Protective Factors: Family Protective Factors Supportive family environment and social networks Nurturing parenting skills Stable family relationships Household rules and child monitoring Parental employment Adequate housing Access to health care and social services Caring adults outside the family who can serve as role models or mentors Community Protective Factors Communities that support parents and take responsibility for preventing abuse Source: CDC, Risk & Protective Factors for Child Maltreatment (http://www.cdc.gov/violenceprevention/childmaltreatment/riskprotectivefactors.html)
Child Maltreatment Facts Read the handout entitled “Understanding Child Maltreatment” and use the information to complete the chart below on child maltreatment.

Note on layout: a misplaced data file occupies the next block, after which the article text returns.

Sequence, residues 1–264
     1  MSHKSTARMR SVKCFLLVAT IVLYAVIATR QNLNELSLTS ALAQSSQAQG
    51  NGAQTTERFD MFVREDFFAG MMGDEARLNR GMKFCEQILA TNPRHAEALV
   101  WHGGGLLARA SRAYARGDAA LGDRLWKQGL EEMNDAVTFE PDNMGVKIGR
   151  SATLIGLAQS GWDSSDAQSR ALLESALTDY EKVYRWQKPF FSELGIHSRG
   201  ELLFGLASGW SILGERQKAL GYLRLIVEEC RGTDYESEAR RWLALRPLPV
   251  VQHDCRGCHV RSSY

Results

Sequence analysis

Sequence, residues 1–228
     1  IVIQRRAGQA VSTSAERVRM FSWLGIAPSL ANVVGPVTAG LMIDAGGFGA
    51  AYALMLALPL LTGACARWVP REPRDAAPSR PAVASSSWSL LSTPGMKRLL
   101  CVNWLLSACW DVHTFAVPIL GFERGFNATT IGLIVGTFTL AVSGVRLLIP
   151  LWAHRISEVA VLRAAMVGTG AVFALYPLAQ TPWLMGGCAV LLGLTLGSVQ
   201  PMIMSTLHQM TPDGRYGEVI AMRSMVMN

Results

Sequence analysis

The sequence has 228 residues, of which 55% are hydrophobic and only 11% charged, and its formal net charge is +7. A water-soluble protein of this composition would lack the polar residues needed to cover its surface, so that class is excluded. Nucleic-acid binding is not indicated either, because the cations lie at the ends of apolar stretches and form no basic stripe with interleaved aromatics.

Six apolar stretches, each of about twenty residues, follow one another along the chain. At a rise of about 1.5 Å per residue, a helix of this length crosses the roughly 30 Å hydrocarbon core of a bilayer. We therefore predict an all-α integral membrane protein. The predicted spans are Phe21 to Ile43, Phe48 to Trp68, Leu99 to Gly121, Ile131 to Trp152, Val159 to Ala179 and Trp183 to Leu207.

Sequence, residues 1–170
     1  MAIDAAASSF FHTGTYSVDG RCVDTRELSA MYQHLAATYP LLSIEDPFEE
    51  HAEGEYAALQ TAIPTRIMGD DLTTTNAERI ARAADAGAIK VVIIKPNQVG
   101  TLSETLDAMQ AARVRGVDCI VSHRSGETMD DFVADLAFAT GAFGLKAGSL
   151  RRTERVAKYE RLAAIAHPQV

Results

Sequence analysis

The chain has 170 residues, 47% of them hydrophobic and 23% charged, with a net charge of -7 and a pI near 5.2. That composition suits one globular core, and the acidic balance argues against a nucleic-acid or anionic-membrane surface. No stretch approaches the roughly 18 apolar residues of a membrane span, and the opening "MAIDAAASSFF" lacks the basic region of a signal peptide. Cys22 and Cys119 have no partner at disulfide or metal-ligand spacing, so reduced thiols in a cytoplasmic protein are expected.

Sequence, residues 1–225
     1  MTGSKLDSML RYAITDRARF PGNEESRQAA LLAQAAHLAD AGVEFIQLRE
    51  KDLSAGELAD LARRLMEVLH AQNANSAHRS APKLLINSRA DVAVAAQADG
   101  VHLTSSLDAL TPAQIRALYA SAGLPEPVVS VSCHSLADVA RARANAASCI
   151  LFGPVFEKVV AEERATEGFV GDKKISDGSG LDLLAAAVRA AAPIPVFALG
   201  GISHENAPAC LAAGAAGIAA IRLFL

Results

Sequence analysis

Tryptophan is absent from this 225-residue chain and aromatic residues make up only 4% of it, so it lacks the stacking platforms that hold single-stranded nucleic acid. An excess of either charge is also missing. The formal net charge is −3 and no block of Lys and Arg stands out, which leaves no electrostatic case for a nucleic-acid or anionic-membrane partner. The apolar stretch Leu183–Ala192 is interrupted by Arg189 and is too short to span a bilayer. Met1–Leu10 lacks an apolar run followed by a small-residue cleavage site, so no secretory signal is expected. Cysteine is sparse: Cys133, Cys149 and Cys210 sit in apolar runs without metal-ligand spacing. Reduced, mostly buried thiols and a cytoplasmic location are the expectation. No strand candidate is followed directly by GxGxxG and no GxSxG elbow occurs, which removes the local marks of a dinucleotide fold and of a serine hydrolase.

Child Maltreatment Scenarios For each of the following scenarios, identify which quality the parent’s actions are lacking: safe, stable, or nurturing. 1. Juanita leaves her 3-year-old at home while she goes over to hang out at the neighbors house. Usually she leaves her in the crib napping, but occasionally leaves her watching television. Which quality of healthy relationships is missing? 2. Brayden, the father, works late shifts at a local restaurant but likes to see his 1-year-old when he gets up. Marcine, the mother likes to go out with friends so she often leaves the older siblings in charge of putting the 1-year-old to bed. The child is typically allowed to stay up until Daddy gets home, which usually ranges anywhere between 10pm and 1am. Lately Brayden and Marcine have been having problems in their relationship, so Brayden will be away from home for weeks at a time. Which quality of healthy relationships is missing?